A very good reflection upon Good Friday here:
Throughout the whole drama of Jesus’s condemnation and execution, it is as though the powers of evil are defying God to reveal himself. God would not be God if the Kingdom that Jesus proclaimed ended in futility. And it would be worse than failure if the Father’s intention to save and forgive was changed into vengeance and some worldly power-play. To answer evil with evil – as though the law of “an eye for an eye and a tooth for a tooth” guided God’s own behaviour – would be the flat contradiction of all that Jesus stood for.
Yet there is no divine vengeance. Love does not turn to hatred and revenge. God is no self-serving worldly power. The Father sends no legion of angels. For the God of Jesus has refused to have any presence in the world save that of the crucified Son. And, as this Son prays for the forgiveness of those who have crucified him, he rejects any worldly identity, any worldly justification or protection, save what can be found in an ultimate mercy.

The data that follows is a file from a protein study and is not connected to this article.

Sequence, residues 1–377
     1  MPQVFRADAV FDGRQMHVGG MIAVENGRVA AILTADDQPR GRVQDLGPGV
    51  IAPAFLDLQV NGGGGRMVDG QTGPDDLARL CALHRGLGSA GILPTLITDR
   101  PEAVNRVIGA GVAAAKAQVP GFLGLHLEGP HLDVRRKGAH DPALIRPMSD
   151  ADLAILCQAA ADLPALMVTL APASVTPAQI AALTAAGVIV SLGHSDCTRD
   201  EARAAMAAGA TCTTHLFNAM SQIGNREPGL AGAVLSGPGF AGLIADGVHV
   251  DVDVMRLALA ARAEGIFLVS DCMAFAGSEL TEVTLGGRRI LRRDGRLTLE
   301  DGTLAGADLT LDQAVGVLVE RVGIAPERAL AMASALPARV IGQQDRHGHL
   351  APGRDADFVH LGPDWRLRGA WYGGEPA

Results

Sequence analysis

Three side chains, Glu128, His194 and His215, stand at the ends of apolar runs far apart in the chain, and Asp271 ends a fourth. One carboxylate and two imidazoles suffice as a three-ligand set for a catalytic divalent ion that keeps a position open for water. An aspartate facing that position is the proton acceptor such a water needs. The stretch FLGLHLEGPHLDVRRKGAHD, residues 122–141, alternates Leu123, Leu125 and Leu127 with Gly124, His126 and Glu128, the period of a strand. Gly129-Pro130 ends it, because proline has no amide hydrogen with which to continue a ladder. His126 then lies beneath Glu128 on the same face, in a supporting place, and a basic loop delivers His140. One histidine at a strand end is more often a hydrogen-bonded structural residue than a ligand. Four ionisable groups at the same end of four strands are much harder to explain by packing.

In venerating the Cross, faith remembers. It recognises Jesus as the victim of a world that barricades itself against the call of love and justice. Violence is the ultimate decider, and hope is left with nothing but what God can be and do. In such a world, and for the salvation of such a world, God has to be revealed in a way never been known before. The God of the Cross, of self-giving love, the God of those who trust that the world can be otherwise.